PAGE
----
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Tenure Professor Positions Being Eliminated from Vermont Law
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Summary: Vermont Law School is attempting additional changes to keep the law school alive by doing away with tenure professor positions.

Vermont Law School has been undertaking a number of changes as the law school tries to stay afloat. The independent, freestanding law school known for its environmental law program is moving to get rid of tenure, according to Inside Higher Ed.


Generally tenure means a permanent position assuming there is no bad behavior or documented underperformances. Vermont Law is planning on moving some tenured professors to untenured positions. President Thomas McHenry said, “It is no secret that Vermont, like many institutions of higher education (and particularly law schools), has been facing considerable financial pressures for most of this decade.”

McHenry continued, “With unanimous support and guidance of our Board of Trustees, we are currently undergoing a process of programmatic restructuring: one that focuses on faculty and staff resources on our core educational goals and most essential and useful programs.”

The school is not sure how many of its 20 tenured professors will be affected by the changes. However, rumors reported by VT Digger estimate that over a dozen professors will lose tenure. Of the professors that remain with the school, they will be under contracts, much like how full-time, non-tenured professors are currently employed.

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The law school is negotiating employment terms with faculty members this week before the end of the fiscal year on Friday. Those that reach agreements are asked to sign nondisclosure documents, preventing them from divulging the details.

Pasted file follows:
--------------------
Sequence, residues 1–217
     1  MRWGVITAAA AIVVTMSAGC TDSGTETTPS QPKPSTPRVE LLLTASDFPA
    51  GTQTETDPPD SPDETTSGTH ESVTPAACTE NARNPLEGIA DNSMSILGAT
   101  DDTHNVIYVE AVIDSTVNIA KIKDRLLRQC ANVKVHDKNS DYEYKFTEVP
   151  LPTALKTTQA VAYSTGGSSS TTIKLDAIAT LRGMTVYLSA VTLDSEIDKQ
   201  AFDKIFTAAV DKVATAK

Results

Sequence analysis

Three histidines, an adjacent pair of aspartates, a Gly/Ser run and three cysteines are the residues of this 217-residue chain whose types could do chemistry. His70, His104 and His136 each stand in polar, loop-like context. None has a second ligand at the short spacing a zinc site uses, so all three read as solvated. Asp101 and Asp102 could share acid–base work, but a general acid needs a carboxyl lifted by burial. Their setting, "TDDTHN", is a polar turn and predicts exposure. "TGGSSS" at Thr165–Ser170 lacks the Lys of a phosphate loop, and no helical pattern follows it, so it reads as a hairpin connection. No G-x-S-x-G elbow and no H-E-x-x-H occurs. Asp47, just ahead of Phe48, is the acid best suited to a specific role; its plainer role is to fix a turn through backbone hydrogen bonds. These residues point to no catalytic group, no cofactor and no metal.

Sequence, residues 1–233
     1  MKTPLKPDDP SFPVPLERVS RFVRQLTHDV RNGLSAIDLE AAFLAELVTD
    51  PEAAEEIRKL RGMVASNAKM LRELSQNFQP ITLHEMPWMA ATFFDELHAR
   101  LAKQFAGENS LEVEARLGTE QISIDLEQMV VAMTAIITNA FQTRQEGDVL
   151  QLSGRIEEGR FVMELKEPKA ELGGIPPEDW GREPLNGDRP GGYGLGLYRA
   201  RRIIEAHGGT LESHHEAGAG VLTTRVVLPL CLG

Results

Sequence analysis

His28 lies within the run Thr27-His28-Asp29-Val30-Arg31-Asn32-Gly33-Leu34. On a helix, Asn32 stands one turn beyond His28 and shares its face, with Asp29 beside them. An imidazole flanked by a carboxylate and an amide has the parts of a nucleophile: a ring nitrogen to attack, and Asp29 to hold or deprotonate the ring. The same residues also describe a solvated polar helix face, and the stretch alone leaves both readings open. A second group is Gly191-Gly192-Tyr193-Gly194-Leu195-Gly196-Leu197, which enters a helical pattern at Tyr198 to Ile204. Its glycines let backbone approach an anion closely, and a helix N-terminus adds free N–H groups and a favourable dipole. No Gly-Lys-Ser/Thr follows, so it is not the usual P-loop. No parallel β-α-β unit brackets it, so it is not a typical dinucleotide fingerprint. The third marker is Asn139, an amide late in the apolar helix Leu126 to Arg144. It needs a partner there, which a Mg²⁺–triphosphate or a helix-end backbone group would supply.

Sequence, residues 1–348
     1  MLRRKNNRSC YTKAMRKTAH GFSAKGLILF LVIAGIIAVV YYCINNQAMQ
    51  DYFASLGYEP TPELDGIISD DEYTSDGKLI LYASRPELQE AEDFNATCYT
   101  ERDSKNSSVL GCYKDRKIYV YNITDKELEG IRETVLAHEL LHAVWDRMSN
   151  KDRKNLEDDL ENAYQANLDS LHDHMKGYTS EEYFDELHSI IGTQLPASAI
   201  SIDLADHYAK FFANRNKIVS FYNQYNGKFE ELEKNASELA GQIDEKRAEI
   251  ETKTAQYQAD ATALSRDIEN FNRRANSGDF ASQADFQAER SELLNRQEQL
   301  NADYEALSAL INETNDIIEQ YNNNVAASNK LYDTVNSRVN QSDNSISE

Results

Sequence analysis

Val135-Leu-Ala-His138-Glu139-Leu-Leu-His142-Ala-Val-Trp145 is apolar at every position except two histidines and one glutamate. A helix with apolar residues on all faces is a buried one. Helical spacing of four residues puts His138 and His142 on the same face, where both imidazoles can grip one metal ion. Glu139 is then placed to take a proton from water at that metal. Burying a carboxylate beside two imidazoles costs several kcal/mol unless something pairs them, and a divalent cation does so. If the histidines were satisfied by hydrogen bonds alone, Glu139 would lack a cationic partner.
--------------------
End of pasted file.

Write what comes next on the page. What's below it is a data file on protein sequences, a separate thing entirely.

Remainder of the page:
Board of Trustees chair Colleen Connor, who is counsel at GE Power, said in a separate statement, “Recognizing that the future of law schools in the U.S. is changing, we have put our energies into working with the administration to design a model for the future of Vermont Law School that adapts to the changing market while continuing to deliver on our mission.”

The school has struggled to maintain its enrollment numbers, much like the rest of the country’s law schools. Enrollment has been seeing an increase in numbers this past year. Vermont Law is expecting 180 students this fall, which is full capacity for the school. They even had to use a waiting list this year for the first time in years.

Removing tenure allows for a school to terminate professors much easier than if they did have it. Vermont Law is likely opting for this option for the greater flexibility it brings should financial reasons arise for the school needing to easily reduce faculty numbers.

American Association of University Professors director of academic freedom and tenure Greg Scholtz questions how his change will align with American Bar Association standards on tenure. Current ABA standards require a law school to “afford to full-time clinical faculty members a form of security of position reasonably similar to tenure, and non-compensatory perquisites reasonably similar to those provided other full-time faculty members.” Further, law schools must have an “established and announced policy with respect to academic freedom and tenure.”

Despite these less favorable changes, the law school is holding events to continue promoting its excellence in environmental law. On July 12, the law school is holding a panel on how visual arts can advance the causes of environmental advocacy.

Perkins Coie partner and adjunct professor on ocean law and animal law, Don Baur, will moderate the panel. Baur said, “The power of visual media for driving an advocacy agenda has been demonstrated time and again across all fields of public policy and law. The speakers in this program have extraordinary backgrounds in a broad range of methods of visual communication, and they will share their work and experiences on how to advance environmental objectives through images and the messages they convey.”

Baur added, “We live in an age of social media, where policy and decisions at the highest level are driven by messages on Twitter. This program will serve as a forum for experts in visual communication to have an energetic discussion among themselves and with the audience on how advocacy goals can be advanced in this arena.”

To learn more about Vermont Law School, read these articles:




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